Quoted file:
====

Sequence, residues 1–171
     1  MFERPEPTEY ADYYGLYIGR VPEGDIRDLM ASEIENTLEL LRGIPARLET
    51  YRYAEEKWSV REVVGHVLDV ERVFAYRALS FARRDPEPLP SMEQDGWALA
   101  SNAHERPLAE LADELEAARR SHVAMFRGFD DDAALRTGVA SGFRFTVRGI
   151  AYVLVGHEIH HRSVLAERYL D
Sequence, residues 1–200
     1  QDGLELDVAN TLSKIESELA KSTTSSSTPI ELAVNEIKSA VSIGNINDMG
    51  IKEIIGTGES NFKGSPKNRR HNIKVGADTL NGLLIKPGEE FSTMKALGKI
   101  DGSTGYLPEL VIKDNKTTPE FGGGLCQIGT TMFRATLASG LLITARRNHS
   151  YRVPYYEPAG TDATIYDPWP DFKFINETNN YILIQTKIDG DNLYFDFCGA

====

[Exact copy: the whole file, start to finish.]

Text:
Sequence, residues 1–171
     1  MFERPEPTEY ADYYGLYIGR VPEGDIRDLM ASEIENTLEL LRGIPARLET
    51  YRYAEEKWSV REVVGHVLDV ERVFAYRALS FARRDPEPLP SMEQDGWALA
   101  SNAHERPLAE LADELEAARR SHVAMFRGFD DDAALRTGVA SGFRFTVRGI
   151  AYVLVGHEIH HRSVLAERYL D
Sequence, residues 1–200
     1  QDGLELDVAN TLSKIESELA KSTTSSSTPI ELAVNEIKSA VSIGNINDMG
    51  IKEIIGTGES NFKGSPKNRR HNIKVGADTL NGLLIKPGEE FSTMKALGKI
   101  DGSTGYLPEL VIKDNKTTPE FGGGLCQIGT TMFRATLASG LLITARRNHS
   151  YRVPYYEPAG TDATIYDPWP DFKFINETNN YILIQTKIDG DNLYFDFCGA